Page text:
The approved corona vaccines have in a few cases caused severe allergic reactions. So far, researchers do not know why. but there is one main suspect: PEG.
PEG stands for polyethylene glycol and is a common substance in many people’s bathrooms. It is found in everything from skin creams to shampoos, and most people tolerate the substance well. However, a small number have previously had severe allergic reactions to PEG.
In the approved mRNA vaccines then there is a minimal amount of PEG. The largest part of the pandemic vaccine consists of the RNA drawing, which causes the body itself to start acting so that antibodies are formed against the coronavirus. But RNA can easily break down and be surrounded by a fat bubble, lipids. They in turn are held together by PEG which is an emulsifier.
To date, a case of 100,000 has been reported internationally with a severe allergic reaction, so-called anaphylactic shock. Everyone has done well with effective treatment.
To avoid complications with anaphylactic shocks during vaccination, the Swedish Association for Allergology has consulted with the Swedish Public Health Agency and the Medical Products Agency, according to Caroline Nilsson who is an associate professor, doctor and expert on anaphylactic shocks. She tells how people who have had severe allergic overreactions in the past should act:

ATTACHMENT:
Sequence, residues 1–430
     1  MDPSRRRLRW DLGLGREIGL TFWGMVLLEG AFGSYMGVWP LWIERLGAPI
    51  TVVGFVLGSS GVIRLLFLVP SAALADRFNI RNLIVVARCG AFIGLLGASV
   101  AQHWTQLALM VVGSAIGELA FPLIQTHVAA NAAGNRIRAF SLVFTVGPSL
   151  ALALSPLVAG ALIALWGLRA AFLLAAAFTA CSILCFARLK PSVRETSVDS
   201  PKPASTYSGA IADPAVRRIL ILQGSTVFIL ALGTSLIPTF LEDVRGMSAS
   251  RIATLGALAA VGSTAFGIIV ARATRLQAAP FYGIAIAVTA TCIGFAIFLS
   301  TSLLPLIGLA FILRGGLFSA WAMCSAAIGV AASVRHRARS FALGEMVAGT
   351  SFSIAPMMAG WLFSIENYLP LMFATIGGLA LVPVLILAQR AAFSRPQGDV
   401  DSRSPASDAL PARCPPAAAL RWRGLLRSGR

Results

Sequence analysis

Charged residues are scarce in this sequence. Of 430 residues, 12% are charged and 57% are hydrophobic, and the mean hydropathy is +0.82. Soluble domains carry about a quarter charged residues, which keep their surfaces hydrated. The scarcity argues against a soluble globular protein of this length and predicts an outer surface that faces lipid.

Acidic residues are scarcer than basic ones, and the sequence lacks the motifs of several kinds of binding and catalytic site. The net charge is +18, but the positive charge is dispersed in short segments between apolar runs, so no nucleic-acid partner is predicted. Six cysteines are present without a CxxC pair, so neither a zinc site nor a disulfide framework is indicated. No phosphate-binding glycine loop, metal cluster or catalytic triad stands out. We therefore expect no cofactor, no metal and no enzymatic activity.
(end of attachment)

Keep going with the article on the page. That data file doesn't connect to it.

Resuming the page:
– If you are allergic to PEG – which very few people are – then you need to discuss with your doctor about vaccines or not vaccines. The same applies if you have reacted to previous vaccinations or of drugs given in injection form, says Caroline Nilsson, an expert in anaphylaxis.
She also says that if you have reacted with a severe allergic reaction before then you should have a longer observation period.
– There are suggestions that if you have previously had an allergic reaction, you should be observed for 30 minutes, says Caroline Nilsson, associate professor of allergy and anaphylaxis at Sachsska Children’s Hospital in Stockholm.
The guidelines may change over time.
Hear more about allergies and vaccines in Vetenskapsradion Hälsa.